2.2 Thread Pool

eDirectory is multi-threaded for performance reasons. In multi-threading, when the system is busy, more threads are created to handle the load and some threads are terminated to avoid extra overhead. It is inefficient and costly to frequently create and destroy threads. Instead of spawning new threads and destroying them for every task, a number of threads are started and placed in a pool. The system allocates the threads from the thread pool to several tasks as needed. Tasks are held in two types of queues:

  • Tasks that need immediate scheduling are held in the Ready queue.

  • Tasks that need scheduling at a later time are held in the Waiting queue.

Not every module uses the thread pool. The actual number of threads for the process is more than the number that exists in the thread pool. For example, FLAIM manages its background threads separately.

Running the ndstrace -c threads command returns the following thread pool statistics:

  • The total number of threads that are spawned, terminated, and idle.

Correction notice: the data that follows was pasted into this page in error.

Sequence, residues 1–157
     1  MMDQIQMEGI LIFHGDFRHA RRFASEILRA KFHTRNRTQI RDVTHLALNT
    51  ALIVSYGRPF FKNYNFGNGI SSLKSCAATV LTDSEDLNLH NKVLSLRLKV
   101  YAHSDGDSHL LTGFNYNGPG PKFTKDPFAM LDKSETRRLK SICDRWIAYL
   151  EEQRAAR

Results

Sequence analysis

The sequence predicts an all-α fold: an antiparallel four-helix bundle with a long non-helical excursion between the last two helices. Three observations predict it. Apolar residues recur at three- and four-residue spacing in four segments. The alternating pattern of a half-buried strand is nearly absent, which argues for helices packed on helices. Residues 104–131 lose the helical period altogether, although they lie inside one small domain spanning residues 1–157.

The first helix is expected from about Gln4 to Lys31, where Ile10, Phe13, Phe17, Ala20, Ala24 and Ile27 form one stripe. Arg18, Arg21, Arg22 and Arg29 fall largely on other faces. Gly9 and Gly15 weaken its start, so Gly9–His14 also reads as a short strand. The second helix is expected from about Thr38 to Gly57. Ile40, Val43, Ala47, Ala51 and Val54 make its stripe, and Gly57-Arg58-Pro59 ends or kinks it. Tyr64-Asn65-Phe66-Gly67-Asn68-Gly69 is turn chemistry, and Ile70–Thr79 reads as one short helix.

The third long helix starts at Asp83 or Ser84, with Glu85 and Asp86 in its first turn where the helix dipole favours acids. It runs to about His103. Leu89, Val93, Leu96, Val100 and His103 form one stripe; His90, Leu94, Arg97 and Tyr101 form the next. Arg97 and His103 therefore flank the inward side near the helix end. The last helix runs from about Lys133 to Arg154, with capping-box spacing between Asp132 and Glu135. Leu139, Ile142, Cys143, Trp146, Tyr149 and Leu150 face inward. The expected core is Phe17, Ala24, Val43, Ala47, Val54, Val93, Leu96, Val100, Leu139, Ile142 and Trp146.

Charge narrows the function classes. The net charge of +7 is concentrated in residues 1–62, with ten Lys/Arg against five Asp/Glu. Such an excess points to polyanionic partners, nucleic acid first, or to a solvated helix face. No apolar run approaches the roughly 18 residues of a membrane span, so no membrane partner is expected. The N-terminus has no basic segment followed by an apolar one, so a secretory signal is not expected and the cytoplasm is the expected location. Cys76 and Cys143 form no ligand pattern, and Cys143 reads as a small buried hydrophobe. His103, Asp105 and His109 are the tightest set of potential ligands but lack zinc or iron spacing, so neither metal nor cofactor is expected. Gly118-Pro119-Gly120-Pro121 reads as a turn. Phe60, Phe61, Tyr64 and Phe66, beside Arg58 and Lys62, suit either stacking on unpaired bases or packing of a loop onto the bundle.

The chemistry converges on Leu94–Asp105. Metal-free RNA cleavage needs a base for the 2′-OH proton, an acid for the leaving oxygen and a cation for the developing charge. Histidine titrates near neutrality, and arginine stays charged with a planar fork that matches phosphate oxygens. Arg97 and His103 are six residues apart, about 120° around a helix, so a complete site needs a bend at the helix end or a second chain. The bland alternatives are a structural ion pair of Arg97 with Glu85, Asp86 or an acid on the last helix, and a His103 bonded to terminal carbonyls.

• The total number of worker threads currently and the peak number of worker threads.

  • The number of tasks and peak number of tasks in the Ready queue.

  • The minimum, maximum and average number of microseconds spent in the Ready queue.

  • The current and maximum number of tasks in the Waiting queue.

An example of a sample thread pool:

There are certain thread pool parameters:

  • n4u.server.max-threads: Maximum number of threads that can be available in the pool.

  • n4u.server.idle-threads: Maximum number of idle threads that can be available in the pool.

  • n4u.server.start-threads: Number of threads started.

Run the ndsconfig get and ndsconfig set commands to get and set the thread pool size.